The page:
In 1877 and 1878 alone 126,000 tons of silt was removed and used for further land reclamation. The following year one dredger alone raised over 100,000 tons. The little creek was totally changed - jetties were being superseded by wharves running along, not out into the creek. Port Pirie's trade was still based on the economy of the adjacent interior, but this was to change shortly.

The mines at Broken Hill needed an outlet for their ore. For a short time there were arguments over which port should be used, but by a narrow vote in Parliament, the die was cast for Port Pirie. The railway line to the New South Wales border was laid by June 1887; this connected with the private Silverton Tramway Company. With the railway line open everything for and from Broken Hill went through Port Pirie - timber for the mines, coal and mining gear and outwards the ore and processed minerals. Smelters were built at Port Pirie and the face of the town changed rapidly - it became an industrial town as well as a port.

In 1889 11,000 tons of coke was sent in six months from Port Pirie to Broken Hill; 4 million superfeet of timber was handled; 11,244 tons of silver-lead bullion was despatched and BHP (Broken Hill Proprietary Ltd) paid 69,000 pounds for railway cartage and labour.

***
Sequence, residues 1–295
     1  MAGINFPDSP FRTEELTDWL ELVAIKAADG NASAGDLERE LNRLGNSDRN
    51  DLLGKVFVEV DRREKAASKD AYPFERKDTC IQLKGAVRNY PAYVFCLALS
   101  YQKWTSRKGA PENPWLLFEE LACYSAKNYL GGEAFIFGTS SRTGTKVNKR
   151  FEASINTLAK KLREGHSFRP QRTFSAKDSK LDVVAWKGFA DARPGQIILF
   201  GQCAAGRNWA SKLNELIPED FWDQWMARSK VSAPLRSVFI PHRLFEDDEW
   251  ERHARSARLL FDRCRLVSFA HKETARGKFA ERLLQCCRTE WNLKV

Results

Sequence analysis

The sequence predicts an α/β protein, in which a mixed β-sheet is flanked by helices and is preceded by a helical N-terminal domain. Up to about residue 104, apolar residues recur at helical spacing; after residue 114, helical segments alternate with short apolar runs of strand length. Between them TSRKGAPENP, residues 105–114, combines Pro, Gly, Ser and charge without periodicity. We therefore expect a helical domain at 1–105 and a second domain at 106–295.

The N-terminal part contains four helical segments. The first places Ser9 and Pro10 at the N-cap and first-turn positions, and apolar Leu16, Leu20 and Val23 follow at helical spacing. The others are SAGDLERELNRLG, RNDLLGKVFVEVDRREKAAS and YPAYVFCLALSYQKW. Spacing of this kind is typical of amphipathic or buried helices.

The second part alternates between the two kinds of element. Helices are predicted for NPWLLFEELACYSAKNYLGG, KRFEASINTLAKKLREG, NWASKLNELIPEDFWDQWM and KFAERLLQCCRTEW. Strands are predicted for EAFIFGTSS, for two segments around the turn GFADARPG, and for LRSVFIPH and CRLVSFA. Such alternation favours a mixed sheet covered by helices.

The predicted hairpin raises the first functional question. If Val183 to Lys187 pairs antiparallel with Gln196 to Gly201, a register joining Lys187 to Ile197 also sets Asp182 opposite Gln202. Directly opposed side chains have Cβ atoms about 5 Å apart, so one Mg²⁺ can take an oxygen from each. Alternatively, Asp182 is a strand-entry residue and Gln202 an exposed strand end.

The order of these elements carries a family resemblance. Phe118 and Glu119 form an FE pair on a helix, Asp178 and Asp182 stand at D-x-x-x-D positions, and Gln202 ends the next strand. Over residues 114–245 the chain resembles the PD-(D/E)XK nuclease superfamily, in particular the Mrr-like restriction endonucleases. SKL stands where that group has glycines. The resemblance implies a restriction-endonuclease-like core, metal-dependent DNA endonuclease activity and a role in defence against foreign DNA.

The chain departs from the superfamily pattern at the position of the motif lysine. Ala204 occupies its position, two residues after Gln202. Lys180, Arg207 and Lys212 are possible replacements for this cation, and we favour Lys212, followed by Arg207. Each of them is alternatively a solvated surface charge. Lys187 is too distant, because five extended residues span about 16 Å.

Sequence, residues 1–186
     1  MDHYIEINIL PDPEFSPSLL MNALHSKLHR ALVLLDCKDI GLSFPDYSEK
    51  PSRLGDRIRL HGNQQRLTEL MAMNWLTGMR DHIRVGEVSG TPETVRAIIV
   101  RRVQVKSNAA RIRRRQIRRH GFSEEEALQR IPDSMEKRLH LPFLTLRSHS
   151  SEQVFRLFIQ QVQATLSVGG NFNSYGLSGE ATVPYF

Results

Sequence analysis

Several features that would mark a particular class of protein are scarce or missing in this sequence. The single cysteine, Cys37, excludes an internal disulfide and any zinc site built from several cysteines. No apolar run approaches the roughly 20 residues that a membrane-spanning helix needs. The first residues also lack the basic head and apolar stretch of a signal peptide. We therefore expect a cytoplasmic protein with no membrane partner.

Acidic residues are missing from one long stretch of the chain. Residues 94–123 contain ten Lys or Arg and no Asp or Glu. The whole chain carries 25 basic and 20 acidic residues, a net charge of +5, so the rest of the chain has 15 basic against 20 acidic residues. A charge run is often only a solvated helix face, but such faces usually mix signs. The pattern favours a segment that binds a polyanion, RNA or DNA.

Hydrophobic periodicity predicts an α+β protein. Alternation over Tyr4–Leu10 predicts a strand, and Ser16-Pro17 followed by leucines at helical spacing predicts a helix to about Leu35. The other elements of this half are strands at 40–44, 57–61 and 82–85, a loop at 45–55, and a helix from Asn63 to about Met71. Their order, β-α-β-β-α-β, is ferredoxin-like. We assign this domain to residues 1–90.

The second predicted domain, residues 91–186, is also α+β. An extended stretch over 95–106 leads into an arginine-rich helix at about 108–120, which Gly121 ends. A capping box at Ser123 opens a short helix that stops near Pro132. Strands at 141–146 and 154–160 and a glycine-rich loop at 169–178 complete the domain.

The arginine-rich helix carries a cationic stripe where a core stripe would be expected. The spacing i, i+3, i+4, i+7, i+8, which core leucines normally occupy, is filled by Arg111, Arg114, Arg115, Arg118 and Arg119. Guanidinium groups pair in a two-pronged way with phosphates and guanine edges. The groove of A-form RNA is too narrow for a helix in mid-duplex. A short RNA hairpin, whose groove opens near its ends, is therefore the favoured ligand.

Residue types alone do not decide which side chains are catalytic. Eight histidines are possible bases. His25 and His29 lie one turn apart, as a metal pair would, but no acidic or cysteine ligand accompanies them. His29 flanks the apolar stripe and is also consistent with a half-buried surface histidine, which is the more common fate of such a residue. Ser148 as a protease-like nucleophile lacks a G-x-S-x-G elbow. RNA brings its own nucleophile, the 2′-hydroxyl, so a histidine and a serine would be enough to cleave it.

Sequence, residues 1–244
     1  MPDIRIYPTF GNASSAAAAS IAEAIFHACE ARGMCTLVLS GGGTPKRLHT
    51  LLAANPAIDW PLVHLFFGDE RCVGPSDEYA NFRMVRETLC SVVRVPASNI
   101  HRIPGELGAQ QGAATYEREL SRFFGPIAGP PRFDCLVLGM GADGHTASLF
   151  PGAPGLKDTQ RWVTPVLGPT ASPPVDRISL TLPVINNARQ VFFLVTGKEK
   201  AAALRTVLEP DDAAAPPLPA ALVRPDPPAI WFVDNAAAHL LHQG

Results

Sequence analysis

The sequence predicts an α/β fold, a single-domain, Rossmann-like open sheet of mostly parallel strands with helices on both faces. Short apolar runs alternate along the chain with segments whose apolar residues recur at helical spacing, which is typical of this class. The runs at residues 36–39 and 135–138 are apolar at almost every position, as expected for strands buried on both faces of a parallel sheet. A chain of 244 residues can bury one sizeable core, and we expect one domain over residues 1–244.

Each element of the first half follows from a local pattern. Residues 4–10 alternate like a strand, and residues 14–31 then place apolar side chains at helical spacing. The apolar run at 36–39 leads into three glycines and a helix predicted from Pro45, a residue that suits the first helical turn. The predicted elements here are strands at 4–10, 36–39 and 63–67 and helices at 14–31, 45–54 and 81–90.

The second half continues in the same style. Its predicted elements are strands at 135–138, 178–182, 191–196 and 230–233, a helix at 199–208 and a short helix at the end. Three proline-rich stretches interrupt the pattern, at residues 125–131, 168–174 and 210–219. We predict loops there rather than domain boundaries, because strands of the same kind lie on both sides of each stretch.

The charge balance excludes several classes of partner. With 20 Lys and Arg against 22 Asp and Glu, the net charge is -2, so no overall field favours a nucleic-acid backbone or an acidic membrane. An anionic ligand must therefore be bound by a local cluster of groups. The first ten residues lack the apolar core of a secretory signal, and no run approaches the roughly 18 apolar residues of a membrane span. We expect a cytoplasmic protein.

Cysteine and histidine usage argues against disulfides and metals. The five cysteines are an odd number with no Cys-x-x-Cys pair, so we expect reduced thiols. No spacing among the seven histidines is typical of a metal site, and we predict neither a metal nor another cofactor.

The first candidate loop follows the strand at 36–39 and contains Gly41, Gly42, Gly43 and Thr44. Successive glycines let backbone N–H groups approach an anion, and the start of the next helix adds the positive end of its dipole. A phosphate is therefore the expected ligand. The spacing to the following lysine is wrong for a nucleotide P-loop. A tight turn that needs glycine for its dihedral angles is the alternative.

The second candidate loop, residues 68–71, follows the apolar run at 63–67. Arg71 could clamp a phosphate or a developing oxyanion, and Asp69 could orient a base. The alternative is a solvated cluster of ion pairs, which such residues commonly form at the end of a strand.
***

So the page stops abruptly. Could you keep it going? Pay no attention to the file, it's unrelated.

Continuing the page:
The port expanded rapidly with its association with BHP, and was an important link with the company's development at Whyalla on the opposite side of the gulf.

Substantial upgrades were made at the port during the 20th century - steel sheet piling replaced the original timber wharves; the channel was deepened further and a bulk loading facility was installed and opened in 1962.

The smelters in Port Pirie are now owned by Nyrstar, one of the largest zinc smelters in the world. Port Pirie is today one of the largest ports in South Australia and is operated by Flinders Ports. In 2005/06 0.767 million tonnes of cargo was handled at the port - as well as lead and zinc concentrates, grain and seeds were exported with the principal imports being coal and ores.

Further reading:

Flannery, Nancy. Reluctant harbour: the romance of Pirie Jamestown, S.A.: Nadjuri Australia, 1976

Ardrossan jetty
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Arrival of 'S.S. Morialta' at Port Lincoln.
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Australian warships at Victor Harbor
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Barque Lawhill
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Boats moored at American River
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Cargo ships at Wallaroo wharf
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Channel leading into Lake Butler
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Customs House, Port MacDonnell
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Glenelg jetty 1850
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Grain ships at Ardrossan jetty
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Jetty at Murat Bay
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Jetty Port Lincoln